News | Dec. 19, 2023

Introduction to Fall Professional Reading

By Cmdr. Peter Mersky, USNR (Ret.)

A quick look at the reviews in the Fall column will show a focus on the Japanese attack on Pearl Harbor, certainly one of this country’s history’s seminal events that thrust us into what had been a major war involving mainly European countries: the so-called Axis, Nazi Germany, Fascist Italy, and Japan, as of Sept.  27, 1940, along with Albania, Bulgaria, Hungary, Rumania, and Thailand, against The United Kingdom, France, and other smaller nations (Turkey remained neutral through most of the war, but eventually joined the Allies in February 1945) that were threatened by Nazi dictator Adolf Hitler, such as Denmark and Norway, and soon, the much larger Soviet Union. Imperial Japan had long been intent in bringing China, Thailand, and other small countries in Southeast Asia into a co-prosperity sphere referred to as “Asia for the Asians,” basically an anti-West bloc that would stand up to increasing Western influence that Japan’s military rulers deeply resented and vowed to tame. As modern and well-equipped though the Japanese Army and Navy were by 1940, forays into China and Manchuria beginning in 1931 and intensifying in 1937 with heavy bombing of major Chinese cities, not to mention action against an American gunboat, the USS Panay on Dec. 12, 1937, served to illustrate just how serious Japan was in pursuing its nationalistic program in dominating as much of Asia that it could, no matter how long it took.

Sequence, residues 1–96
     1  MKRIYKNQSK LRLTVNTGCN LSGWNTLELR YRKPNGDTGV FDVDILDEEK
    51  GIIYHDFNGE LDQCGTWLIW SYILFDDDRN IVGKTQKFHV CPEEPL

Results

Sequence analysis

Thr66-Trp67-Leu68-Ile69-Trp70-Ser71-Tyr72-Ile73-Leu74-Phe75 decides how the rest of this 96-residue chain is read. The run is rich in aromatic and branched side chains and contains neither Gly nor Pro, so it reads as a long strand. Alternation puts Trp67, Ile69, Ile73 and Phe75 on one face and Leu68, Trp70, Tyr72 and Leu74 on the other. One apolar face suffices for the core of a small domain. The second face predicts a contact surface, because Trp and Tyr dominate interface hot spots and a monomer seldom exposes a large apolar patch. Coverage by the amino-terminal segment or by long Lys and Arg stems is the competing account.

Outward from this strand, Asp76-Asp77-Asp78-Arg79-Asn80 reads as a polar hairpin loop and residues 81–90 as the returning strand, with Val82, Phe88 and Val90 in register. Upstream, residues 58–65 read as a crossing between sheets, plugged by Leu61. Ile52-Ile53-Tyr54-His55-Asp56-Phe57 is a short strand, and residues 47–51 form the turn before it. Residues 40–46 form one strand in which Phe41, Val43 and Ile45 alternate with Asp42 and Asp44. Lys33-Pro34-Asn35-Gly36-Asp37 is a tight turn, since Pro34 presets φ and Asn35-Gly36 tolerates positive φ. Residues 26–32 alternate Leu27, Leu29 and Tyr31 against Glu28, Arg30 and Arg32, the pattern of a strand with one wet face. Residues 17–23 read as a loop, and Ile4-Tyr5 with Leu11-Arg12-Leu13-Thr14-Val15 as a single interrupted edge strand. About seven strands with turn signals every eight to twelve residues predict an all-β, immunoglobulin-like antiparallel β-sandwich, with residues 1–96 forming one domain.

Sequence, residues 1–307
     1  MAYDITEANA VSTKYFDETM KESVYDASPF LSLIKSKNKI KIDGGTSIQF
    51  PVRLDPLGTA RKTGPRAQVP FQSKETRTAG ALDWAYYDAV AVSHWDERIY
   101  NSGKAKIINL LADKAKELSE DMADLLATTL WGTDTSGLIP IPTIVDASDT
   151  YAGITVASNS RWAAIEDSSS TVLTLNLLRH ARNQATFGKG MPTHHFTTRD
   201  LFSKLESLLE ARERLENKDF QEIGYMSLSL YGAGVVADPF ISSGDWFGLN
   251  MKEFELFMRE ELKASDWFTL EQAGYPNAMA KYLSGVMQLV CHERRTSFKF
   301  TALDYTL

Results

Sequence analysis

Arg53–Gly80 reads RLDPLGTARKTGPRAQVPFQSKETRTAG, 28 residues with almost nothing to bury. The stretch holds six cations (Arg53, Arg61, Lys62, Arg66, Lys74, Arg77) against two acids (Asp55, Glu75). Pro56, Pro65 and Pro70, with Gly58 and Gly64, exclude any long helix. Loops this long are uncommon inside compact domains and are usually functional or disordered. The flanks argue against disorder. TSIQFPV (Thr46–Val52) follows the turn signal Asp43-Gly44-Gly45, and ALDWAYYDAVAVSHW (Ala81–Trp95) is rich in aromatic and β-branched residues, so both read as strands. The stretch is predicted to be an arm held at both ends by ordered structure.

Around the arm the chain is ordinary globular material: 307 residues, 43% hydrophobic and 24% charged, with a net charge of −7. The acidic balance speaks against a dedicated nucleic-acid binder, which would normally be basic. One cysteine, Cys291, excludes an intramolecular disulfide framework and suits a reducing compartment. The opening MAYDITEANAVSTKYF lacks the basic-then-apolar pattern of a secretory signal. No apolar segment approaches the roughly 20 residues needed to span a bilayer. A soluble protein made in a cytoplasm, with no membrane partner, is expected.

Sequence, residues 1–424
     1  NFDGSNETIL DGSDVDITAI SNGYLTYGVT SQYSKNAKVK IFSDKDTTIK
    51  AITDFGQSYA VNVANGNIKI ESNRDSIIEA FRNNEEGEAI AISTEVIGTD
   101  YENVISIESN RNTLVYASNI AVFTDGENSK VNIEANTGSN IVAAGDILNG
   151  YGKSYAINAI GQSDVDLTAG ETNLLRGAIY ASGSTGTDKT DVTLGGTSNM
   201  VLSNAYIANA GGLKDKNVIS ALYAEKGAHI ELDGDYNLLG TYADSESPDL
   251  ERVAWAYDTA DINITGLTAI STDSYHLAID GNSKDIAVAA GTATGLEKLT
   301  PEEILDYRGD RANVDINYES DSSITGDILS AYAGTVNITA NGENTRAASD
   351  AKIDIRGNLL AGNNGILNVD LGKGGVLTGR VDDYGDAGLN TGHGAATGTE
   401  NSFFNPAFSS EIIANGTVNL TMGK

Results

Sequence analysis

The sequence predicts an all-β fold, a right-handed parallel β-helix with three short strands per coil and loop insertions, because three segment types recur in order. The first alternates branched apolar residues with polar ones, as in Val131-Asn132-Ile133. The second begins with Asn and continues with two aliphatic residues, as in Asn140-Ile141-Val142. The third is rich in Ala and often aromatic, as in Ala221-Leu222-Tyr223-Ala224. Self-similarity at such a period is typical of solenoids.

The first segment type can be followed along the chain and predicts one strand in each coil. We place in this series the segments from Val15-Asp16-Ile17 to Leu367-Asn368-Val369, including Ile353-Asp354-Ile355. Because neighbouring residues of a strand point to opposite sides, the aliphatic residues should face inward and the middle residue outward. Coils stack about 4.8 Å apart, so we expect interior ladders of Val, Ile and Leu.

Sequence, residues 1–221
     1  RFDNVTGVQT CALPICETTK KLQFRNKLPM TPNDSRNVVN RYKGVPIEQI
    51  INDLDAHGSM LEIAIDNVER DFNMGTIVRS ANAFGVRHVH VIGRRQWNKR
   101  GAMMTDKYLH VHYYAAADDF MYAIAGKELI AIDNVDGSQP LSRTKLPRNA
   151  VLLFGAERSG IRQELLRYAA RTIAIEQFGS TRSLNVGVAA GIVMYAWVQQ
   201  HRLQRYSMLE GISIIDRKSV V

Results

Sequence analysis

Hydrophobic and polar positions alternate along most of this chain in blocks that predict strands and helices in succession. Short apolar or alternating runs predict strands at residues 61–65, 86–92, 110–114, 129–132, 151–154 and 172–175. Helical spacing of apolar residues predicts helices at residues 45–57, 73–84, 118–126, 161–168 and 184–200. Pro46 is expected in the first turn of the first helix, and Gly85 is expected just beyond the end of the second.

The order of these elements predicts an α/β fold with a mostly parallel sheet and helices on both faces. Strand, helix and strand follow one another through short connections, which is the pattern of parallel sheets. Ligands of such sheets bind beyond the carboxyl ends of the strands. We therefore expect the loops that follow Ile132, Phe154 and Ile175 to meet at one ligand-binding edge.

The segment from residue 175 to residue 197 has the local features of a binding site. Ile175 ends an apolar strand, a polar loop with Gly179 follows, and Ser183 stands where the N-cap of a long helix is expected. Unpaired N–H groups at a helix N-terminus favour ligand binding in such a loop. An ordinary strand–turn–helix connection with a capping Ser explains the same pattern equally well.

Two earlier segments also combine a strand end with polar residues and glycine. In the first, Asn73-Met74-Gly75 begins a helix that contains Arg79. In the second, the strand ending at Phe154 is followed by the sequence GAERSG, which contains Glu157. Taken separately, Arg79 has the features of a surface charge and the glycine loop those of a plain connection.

The British operation against the Italian Navy in Taranto Harbor on the night of Nov. 11-12, 1940, gave the attentive Japanese rulers (no matter how often they would deny it) the seed of an idea to attack the U.S. Navy and Army’s main bases in the Hawaiian Islands. They took it from there, planning, refining, training for and ultimately flying what became the successful operation on Dec. 7, 1941, against the Navy’s fleet at Pearl Harbor, a number of U.S. Army air bases near the harbor as well as raids against American installations in the Philippines on Dec. 8, as well as the highly successful destruction of two major British Royal Navy ships on Dec. 10. The Pacific War was on, and soon Nazi Germany and Fascist Italy, and one-time ally Turkey and a few European nations allied with the Axis were arrayed for the monumental struggle for their lives for the next four years. Millions of civilians and service members of many of the world’s countries, large and small, were ultimately killed and injured, and the world’s geography was changed, and indeed, is still changing as a result of what became known as World War II. In reality, we have yet to see the final result of the early-morning Japanese raid against America’s far-flung bases in the Pacific. 
— Peter B. Mersky